The force (or power) an electric motor can generate is directly proportional to the current going through the motor and the strength of the magnetic field. If the magnetic field is stronger, you can have a motor of the same size but with more power. Or you could have a motor of the same size and power, but it would consume less current. This would give you a longer battery life.

        For cars, you could now have more powerful electric motors that consume the same amount of power as current electric motors. Or you could have electric motors with the same power output of todays models but with a lower power consumption.

        Stronger magnets make for more effecient electric motors. You can use that efficiency for greater power or greater battery life.

        • I was under the impression that electric motors
          were already quite efficient.

          I looked at some numbers, and even without these
          new magnets, electric motors are often 90%
          efficient or better.

          I tend to think that the primary gain of a better
          magnet is, if anything, the ability to make
          the motors smaller.

          I think the main waste of power in an electric
          motor has nothing to do with the strength
          of the magnet, but rather resistive losses
          in the coils.
          • It is true that electric motors are very efficient, but this ultra-strong magnet technology does not profess to increase the efficiency, but the power output. If you have a motor with 90% efficiency, you need to find a way to raise the gross output, not the efficiency. In internal combustion engines, which are anywhere between 10% and 25% efficient, raised efficiency is a huge bonus, but not in electric motors.

            Stronger magnets will yield stronger electric motors, which may be able to finally bring them into the popular consumer automobile market. The powerful electric motor is the key to electric cars, because battery technology appears to have run its course (seen in a recent /. article).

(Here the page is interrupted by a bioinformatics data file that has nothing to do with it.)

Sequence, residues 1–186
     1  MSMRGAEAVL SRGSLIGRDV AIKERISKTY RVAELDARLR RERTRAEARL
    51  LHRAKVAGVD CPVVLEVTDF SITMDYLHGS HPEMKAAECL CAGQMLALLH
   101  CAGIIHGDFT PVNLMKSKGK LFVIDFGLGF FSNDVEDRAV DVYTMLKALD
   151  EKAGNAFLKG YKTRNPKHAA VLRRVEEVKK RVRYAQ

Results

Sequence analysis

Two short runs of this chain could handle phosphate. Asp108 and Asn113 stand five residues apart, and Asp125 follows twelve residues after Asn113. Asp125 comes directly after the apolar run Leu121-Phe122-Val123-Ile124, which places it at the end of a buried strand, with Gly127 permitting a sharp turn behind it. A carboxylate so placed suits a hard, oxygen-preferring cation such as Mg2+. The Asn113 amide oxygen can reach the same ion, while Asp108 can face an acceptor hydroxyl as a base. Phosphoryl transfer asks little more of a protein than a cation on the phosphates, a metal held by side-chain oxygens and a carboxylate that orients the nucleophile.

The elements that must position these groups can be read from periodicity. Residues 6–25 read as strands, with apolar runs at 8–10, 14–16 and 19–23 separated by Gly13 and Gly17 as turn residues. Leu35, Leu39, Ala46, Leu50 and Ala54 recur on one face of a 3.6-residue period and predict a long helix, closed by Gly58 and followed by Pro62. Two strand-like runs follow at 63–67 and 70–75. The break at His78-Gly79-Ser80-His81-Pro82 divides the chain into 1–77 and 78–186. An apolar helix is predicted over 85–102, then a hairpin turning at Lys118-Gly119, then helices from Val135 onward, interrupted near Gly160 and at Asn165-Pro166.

• "The problem with diradical substances is that they have always been extremely chemically active, so they never stayed around longer than a few microseconds at room temperature."

    Erm, if I remember my basic LCAO/MO theory from first year chemistry atmospheric oxygen, yes O2, is a diradical as is Fremy's salt, which I made in second-year labs and they hang around for longer than a couple of microseconds.

    Talk sense boyo.

    Elgon
    • Re:Ummm no (Score:2, Informative)

      by Veramocor ( 262800 )
      Oxygen has 6 valence electrons. lets draw one of those nifty electron valence shell models. Each dot is an electron.

      .
      :O.
      ..

      Oxygen "wants" a complete electron shell so it forms a double bond with another oxygen, each sharing its 2 unpaired electrons.

      O=O

      no radicals there.

      Veramocor
      • looks like you are right. using simple models you would get unpaired electrons but not with MO theory.

        ChemE to much engineering not enough chem
      • It was a balanced molecule where two Boron atoms seemed to have their vallence atoms "shielded" from contact with other molecules. Considering that the flat layout is actually a representation of a 3D structure, I could see how the "leafs" could curl up so that nothing else could get to the Boron.

    • Re:Ummm... (Score:3, Informative)

      by ndevice ( 304743 )
      i'm not a chemist, but:

      reading from the article, they seem to say that diradicals like O2 are already bonded and not very magnetic. I remember the LOx and magnet demonstration in chemistry class, and it wasn't that impressive. What these guys have done is find a molecule/compound that doesn't bond (and doesn't lose the magnetic effects of being a diradical)

      anyway, quoting from the article:


      Several research groups worldwide have shown that materials based on "diradicals" will be even more magnetically active. In a diradical, two atoms, which are close to each other, have electrons ready to form a bond. And indeed, the difficulty is that usually the bond is formed, resulting in no magnetism.


  • by dario_moreno ( 263767 ) on Thursday March 14, 2002 @05:36AM (#3161629) Journal
    The leader of the group is french, and still
    manages his lab in Toulouse. The project
    is half french, half american, and students
    travel continuously in between the two labs.

  • Now we all just have to wait until someone invents the one-direction magnet. It has to exist (according to Einstein), but no one has been able to even conceive of a way to do it yet. Perhaps this stable singlet diradical substance is just a step or two below uni-directional magnetism.

    Continue magnet research!
  • IANA Material Science Physicist, but IIRC usual magnets are monoatomic arrays of atoms/ions with a free electron, which due to inter-spin hamiltonian do a phase-transition to unidirectional spin (so called Ising model).

    except for the fact that here are pairs of different atoms with radical electrons, what is the difference from Ising model ?

    why does this give higher free-electron (hence magnetic field) density than normal monoatomic magnets ?

    what am I missing ?